I realized I didn't really care that much about what I ate, and I decided to just pretend that I was in prison, and that whatever food my jailkeepers gave me was fine with me.

Since then, my blood sugar has stayed down and I've lost ten pounds (though I wasn't really conscious of needing to lose any weight).

Sometimes, people become almost annoyed that I simply have no interest in making any exceptions at say Christmas or Thanksgiving or whatever. I'm also just never that hungry, because who cares?

KLDAVIS said...

Check out Grant Achatz' story. One of the best chefs in the world, lost his sense of taste while being treated for cancer. He tells stories of similar experiences as you describe (sourness being physically painful). His food at Alinea in Chicago is modernist, and uses textures and Trompe-l'œil type effects to invoke emotions as much as flavor in some ways.

R. Chatt said...

Some of my favorite bland foods, besides vanilla ice cream, include: watermelon, lightly steamed green beans, eggplant parmesan, mashed potatoes, hard boiled eggs, artichokes, roasted seaweed snack from Trader Joe's, cauliflower, cucumbers, egg custard, steamed tofu with soy sauce, almonds, sun flower seeds, brazil nuts, cashews.

If Western medicine hasn't offered any solutions you might think about checking out Ayurveda which is all about tastes. Here's a good source: Maharishi Ayurved at the Raj
Dr. Nancy Lonsdorf M.D.
1734 Jasmine Avenue
Fairfield, IA 52556
Ph. (800) 248-9050
Fax: (515) 472-2496
www.theraj.com

rhhardin said...

The cold remedy Zicam causes loss of smell, at least according to some lawsuits.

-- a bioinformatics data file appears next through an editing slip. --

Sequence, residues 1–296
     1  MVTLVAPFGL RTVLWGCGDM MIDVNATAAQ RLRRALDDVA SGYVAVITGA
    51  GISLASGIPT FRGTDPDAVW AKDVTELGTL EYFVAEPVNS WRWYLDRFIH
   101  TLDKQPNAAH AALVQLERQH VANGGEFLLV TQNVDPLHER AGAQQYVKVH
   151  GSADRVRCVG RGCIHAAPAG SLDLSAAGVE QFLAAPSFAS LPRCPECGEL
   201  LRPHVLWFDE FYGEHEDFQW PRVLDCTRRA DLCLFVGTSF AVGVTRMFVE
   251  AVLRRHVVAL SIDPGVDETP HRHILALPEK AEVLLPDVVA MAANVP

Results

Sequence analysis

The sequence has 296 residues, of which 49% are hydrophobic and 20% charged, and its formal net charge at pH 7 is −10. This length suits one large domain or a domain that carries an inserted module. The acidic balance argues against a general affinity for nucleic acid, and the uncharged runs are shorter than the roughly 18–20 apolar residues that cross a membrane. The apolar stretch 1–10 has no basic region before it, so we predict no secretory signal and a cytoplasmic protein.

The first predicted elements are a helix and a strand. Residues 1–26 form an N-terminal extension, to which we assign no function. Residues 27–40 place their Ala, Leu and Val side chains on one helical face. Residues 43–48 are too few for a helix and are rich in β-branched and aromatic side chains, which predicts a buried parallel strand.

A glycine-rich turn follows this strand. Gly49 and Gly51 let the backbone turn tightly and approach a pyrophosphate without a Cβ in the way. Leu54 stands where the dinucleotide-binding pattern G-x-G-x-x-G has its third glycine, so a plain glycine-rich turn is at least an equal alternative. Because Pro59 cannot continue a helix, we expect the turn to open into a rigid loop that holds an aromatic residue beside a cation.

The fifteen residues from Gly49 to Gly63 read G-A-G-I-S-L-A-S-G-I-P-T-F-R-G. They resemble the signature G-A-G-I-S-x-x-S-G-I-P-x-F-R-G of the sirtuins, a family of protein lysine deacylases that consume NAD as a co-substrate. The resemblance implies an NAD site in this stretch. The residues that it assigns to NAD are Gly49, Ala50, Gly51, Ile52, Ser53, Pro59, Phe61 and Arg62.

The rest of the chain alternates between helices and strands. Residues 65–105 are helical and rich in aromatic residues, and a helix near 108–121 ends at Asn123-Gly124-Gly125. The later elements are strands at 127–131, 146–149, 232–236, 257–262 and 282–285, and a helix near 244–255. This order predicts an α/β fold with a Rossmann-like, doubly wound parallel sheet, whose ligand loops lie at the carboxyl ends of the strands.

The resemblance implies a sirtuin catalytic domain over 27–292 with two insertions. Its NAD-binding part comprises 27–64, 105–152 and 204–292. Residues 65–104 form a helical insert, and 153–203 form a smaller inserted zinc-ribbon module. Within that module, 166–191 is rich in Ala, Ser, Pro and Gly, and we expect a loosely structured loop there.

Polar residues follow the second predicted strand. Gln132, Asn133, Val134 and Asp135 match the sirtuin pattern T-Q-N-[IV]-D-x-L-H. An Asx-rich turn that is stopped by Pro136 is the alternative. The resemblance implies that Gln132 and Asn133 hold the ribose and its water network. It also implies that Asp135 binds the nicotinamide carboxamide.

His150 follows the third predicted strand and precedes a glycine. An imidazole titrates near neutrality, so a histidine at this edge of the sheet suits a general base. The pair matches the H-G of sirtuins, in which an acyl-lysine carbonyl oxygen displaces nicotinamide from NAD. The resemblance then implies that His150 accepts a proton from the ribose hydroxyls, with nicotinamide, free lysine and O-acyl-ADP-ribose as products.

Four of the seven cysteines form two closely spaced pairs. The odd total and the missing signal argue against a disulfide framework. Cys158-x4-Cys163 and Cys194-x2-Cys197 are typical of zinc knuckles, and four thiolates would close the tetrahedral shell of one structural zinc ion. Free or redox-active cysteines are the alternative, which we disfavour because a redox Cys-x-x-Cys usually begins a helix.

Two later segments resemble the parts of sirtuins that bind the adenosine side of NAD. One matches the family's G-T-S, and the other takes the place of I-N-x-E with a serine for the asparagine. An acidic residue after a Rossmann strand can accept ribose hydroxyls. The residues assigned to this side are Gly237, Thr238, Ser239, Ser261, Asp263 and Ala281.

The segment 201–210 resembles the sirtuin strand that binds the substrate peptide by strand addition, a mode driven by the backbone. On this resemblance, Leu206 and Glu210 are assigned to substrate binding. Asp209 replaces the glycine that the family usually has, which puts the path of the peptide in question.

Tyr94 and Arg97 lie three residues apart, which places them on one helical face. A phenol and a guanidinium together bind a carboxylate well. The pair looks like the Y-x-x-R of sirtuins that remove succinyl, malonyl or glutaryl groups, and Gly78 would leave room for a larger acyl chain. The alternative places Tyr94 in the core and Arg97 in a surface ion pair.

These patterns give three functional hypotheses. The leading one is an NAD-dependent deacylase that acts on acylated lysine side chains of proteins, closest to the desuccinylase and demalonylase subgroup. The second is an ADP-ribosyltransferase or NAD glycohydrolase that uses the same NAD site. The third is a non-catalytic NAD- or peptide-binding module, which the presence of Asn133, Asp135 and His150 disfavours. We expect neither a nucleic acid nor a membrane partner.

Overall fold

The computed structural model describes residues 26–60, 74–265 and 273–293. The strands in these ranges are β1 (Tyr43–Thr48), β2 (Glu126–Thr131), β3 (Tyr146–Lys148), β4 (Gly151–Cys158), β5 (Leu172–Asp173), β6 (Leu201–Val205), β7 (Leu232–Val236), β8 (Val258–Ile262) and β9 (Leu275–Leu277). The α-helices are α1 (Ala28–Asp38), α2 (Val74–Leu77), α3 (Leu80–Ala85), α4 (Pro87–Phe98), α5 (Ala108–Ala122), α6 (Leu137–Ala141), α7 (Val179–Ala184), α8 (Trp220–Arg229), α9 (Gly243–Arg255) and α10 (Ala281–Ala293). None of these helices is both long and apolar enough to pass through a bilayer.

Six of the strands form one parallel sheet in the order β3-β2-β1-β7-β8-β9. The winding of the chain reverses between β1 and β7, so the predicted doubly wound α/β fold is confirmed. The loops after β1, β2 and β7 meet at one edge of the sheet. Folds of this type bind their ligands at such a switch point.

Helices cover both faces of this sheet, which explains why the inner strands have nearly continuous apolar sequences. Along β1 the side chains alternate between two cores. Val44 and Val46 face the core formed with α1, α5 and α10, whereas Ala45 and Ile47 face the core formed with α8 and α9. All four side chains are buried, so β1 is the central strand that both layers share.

May be permanent, or sometimes it recovers.

chickelit said...

Epoxy fumes. Cadmium.

Cadmium sulfide -- which is present in pigments -- isn't volatile, so it's unlikely you were exposed to its dust even if you used the paint. Did you mix your own paints from the powder?

Epoxides are a different story. I work with them now. As a rule, if you can smell it, it's too much. I guess that doesn't help the anosmic user.

LordSomber said...

Compare "The Case of the Colorblind Painter" by Oliver Sacks.

Food became disgusting due to its dead appearance - a black tomato looses its appeal somewhat - even when he ate with his eyes closed! Life started to loose meaning for him and if he could not go on painting he "wouldn't want to go on at all".

To provide some relief, and to be able to explain what was happening to his family and friends he started to transform his external world to match his internal perception. He turned to eating black olives, white rice, black coffee, and natural yoghurt! Even redecorating a room entirely in black, white and grey did not fully reflect his world, as he could not turn visitor's flesh into an "abhorrent grey".

Joe said...

For me, wine tastes like ass. I wonder if this is related.

EDH said...

My friend's mother couldn't smell as far back as 40 years ago when we used to smoke pot in the next room. She's still alive.

Titus, carry individually wrapped pre-moistened towelettes.

Megaera said...

A zinc-based cold remedy that you swabbed around the lower part of your nostrils seemed to have killed a major part of my sense of smell for years -- learned (too late!) after using it once that that seemed to be an unfortunate side effect for some people. However, about two years ago I started doing a particular B12 protocol and among several apparent benefits I've noted a gradual return of my ability to smell. Perhaps there is hope.